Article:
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Air-Craft

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About Air-Craft

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    Jet Bomber Fan
  • Birthday 11/27/1969

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    http://www.air-craft.net

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    Male
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    Scotland
  1. Good read on an awesome aircraft - thanks for posting!
  2. Another thing to be conscious about is what you are wearing when painting - woolly / fibrous clothing, particularly tops / jumpers can retain quite a bit of dust'n'stuff that will see your model & jump on it, so try to avoid these. You don't have to go to the length of a Tyvek suit, but it's worth knowing.
  3. Try to avoid draughty or "high traffic" areas for spraying & just prior to starting to paint give the room / area a quick misting of water from a trigger spray bottle (into the air as you would with an air freshener). As the spray drops down though the air, it will capture quite a bit of the dust that's naturally floating about. When you've finished painting, place a "lid" like a Tupperware container or the likes over you work to avoid further contamination when drying.
  4. Have OKI not been marketing white toner printers for some time now (4>5 years)?
  5. A slightly better copy of the image (no further info from the site it came from though);
  6. That sounds a pretty reasonable price to be honest - paint chips have never been cheap.
  7. This can happen if the nozzle isn't fully screwed into it's seal (don't over tighten though!!)as the conical nozzle will protrude too far into the nozzle cap, narrowing the air outlet. Or as has been suggested, if the wrong nozzle has been supplied. The Neo CN's nozzle part number is 0801 - if the 0.5mm nozzle (0802) has been supplied it will virtually fill the nozzle cap orifice & consequently partially or completely block the airflow....
  8. Bill, It's pretty hard to say if the leakage is of any real concern - as said it's common for freshly filled units to expel some oil until the optimum level is found, after which is should become negligible / non existent, if cylinder wear / scoring are the cause however, the leakage will continue.... Generally speaking oil level at just below the centre of the sight bubble is ideal. The thermal switch should be sitting against the motor casing without an air gap. The regulator in the image looks like a standard bleed regulator & turning the knob should only open / close the bleed port to allow X to the outlet port & Y to be vented, although it may also have some form of overpressure protection - I would strip it, clean & lightly lubricate it (white grease or similar) & see how you get on.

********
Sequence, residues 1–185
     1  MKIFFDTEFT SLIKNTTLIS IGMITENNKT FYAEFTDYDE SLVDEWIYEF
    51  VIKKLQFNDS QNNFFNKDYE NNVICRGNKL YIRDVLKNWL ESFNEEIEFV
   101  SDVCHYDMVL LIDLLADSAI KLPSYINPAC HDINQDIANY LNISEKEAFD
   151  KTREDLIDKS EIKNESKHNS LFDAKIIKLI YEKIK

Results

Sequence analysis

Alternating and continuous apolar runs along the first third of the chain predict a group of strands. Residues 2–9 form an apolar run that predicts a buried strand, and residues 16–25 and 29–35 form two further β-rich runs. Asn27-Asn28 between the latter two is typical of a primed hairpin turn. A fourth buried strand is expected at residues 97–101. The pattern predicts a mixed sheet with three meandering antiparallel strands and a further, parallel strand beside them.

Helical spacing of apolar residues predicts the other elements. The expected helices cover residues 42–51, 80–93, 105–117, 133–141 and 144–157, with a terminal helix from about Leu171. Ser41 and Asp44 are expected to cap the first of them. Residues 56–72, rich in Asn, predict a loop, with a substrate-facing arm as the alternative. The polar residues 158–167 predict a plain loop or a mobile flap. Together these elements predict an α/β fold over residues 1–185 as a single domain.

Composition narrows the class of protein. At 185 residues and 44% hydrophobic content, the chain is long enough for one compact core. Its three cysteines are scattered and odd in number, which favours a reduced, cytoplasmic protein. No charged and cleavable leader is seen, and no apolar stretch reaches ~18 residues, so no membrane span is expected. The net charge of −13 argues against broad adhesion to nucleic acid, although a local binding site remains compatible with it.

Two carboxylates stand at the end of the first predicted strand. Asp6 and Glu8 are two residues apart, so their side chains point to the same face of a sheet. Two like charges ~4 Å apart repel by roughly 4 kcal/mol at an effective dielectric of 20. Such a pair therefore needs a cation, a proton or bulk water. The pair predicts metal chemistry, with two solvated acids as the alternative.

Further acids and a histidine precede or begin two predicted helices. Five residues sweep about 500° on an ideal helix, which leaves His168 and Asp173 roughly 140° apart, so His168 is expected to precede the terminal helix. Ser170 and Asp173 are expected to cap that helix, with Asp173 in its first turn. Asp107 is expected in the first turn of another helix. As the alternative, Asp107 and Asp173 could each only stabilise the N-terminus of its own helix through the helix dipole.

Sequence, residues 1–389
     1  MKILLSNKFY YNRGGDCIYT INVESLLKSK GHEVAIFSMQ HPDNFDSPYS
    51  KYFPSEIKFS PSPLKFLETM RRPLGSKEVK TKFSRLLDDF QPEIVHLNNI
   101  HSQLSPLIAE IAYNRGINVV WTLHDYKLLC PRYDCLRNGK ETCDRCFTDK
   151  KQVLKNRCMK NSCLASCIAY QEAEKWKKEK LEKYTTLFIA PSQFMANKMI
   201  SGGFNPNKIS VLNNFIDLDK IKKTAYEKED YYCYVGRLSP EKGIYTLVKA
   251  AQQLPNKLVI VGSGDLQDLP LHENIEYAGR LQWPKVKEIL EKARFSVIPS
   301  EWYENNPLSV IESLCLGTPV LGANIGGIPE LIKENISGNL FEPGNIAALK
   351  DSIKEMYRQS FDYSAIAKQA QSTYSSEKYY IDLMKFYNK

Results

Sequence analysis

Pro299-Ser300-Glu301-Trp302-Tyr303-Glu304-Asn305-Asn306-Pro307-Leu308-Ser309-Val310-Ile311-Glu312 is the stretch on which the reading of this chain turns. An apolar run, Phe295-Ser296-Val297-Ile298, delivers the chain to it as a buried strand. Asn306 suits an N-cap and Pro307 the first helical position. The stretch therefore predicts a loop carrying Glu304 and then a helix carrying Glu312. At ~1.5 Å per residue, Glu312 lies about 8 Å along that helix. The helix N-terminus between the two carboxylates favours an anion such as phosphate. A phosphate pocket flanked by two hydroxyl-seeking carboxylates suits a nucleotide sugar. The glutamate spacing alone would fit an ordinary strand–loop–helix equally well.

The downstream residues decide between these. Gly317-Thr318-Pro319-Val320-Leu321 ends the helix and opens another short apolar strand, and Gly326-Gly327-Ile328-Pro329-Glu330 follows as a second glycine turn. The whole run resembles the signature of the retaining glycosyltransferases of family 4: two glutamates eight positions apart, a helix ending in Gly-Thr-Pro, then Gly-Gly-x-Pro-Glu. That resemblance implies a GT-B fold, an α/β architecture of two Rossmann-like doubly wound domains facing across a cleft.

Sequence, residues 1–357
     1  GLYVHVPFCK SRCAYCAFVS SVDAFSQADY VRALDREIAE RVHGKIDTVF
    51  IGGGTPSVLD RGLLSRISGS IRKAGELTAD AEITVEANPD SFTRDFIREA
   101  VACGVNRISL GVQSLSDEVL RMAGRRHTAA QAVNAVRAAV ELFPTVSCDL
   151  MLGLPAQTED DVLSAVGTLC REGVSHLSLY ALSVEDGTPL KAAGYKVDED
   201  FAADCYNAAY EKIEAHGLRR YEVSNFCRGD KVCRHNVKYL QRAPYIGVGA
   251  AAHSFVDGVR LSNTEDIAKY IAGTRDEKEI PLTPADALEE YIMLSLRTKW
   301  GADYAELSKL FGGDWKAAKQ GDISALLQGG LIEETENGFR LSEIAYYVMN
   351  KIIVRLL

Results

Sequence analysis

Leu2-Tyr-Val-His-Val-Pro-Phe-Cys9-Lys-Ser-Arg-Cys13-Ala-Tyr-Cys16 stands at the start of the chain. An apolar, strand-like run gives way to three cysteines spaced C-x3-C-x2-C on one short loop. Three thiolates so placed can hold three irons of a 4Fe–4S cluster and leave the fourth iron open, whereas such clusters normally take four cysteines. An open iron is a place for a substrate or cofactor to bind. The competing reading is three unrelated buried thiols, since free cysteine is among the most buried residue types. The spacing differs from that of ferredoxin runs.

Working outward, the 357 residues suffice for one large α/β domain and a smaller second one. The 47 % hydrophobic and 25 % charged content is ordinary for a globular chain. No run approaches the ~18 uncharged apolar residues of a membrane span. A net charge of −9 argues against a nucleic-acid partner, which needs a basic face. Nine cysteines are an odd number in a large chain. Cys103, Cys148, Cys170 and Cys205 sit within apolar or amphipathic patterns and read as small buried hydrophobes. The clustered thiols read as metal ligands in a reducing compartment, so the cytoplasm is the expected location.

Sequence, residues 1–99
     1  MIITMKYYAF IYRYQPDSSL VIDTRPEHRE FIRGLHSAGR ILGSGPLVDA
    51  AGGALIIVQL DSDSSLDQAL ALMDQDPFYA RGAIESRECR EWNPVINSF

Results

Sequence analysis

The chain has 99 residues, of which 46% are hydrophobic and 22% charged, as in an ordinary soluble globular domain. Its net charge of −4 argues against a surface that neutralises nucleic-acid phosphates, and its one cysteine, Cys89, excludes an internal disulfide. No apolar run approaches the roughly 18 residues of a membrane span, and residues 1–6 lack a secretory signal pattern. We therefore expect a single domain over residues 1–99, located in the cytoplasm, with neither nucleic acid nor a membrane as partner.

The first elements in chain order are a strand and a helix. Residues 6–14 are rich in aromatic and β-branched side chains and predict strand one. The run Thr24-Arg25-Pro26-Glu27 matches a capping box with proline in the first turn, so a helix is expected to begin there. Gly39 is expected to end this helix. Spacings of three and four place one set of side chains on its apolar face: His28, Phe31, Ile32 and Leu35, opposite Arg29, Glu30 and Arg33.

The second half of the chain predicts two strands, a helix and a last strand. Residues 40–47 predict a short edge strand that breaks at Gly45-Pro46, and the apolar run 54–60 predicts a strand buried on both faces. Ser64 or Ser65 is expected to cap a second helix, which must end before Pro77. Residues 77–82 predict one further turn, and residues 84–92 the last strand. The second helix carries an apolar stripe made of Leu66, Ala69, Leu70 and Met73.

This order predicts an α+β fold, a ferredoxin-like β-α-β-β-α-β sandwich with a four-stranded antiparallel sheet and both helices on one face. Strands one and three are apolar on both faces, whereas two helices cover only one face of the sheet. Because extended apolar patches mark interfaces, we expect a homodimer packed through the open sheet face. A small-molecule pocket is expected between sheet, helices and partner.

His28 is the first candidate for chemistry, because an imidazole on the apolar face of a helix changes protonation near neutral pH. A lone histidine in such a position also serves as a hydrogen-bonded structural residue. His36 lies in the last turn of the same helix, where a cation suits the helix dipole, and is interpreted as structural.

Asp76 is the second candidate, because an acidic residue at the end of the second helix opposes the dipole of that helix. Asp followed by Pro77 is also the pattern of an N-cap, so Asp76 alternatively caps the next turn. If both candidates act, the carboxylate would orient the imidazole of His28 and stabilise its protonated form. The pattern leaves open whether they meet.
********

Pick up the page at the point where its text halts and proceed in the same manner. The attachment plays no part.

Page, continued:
9. The thermal protection switch doesn't adhere to the duty cycle & is there to prevent motor from cooking rather than being a normal part of the compressors operation & I imagine that the compressor would easily pass the duty cycle before the thermal protection switch would cut the motor out. I've never seen the manual for the non-auto models, but imagine that it may have more clearly stated instructions regards 15on/15off. If you still have doubts on the thermal protection switch, its located inside the connector box at the rear of the motor casing / sump. I think models of this vintage rely on the plastic connector box cover to hold the switch against the motor casing & that a damaged (they can become brittle) plastic cover can prevent the switch from being held against the case, which in turn can prevent the switch from reacting at the correct temperature.
  10. 99.9% certain that its a rebranded Sil-Air compressor, its an older model but is very similar to the current Sil-Air 15 Export. Any manual for the Sil-Air 15 Export from that era (20 years ago plus), or any of the similar rebranded units like Aztek, Rotring or Revell should be fine. Regards oil in the output, if the unit has recently been serviced / refilled, it's common for oil to be pumped through the compressor until the oil reaches the idea level in the motor housing, after which the problem should become minimal / non existent. Unfortunately if the head has become worn or the bore scored leakage / bypass may persist... I only have a manual for the later automatic models, but with the exception of the pressure control unit, the auto / manual models are largely similar. There is little information on the motor itself in the manual, only replaceable external parts being detailed (Chassis P24, Motor P43); Sil-Air Manual
  11. Mr Hobby Aqueous - similar in usage / quality to Tamiya, but a far wider colour coverage.
  12. I've got a Mr Airbrush Custom 0.18 as pictured above by G_Marcat_Italy, design & quality are typical of Japanese airbrush products, so it's a pretty good airbrush. I don't believe that the GSI Custom 0.18 uses the matched head "system" of the CM's though.
  13. I'm not sure if this is specifically for filling or painting, but for painting I've has some success using quick drying flat acrylics like Tamiya XF-2 through an airbrush (double action); Trigger for air, start spraying a low / small volume of paint & work around the area until it starts to become wet, then back off the paint but keep the air flowing, moving around to surface dry the wet paint, the wet paint will surface dry pretty quickly with the air flow & you can start triggering paint again. It takes a little bit of patience & some finger control, but allows the job to get done in one go (basically keep the air on & trigger paint as required). The same method works well in any awkward, confined area where you risk getting runs while trying to get decent coverage (stuff like deep narrow landing gear bays).
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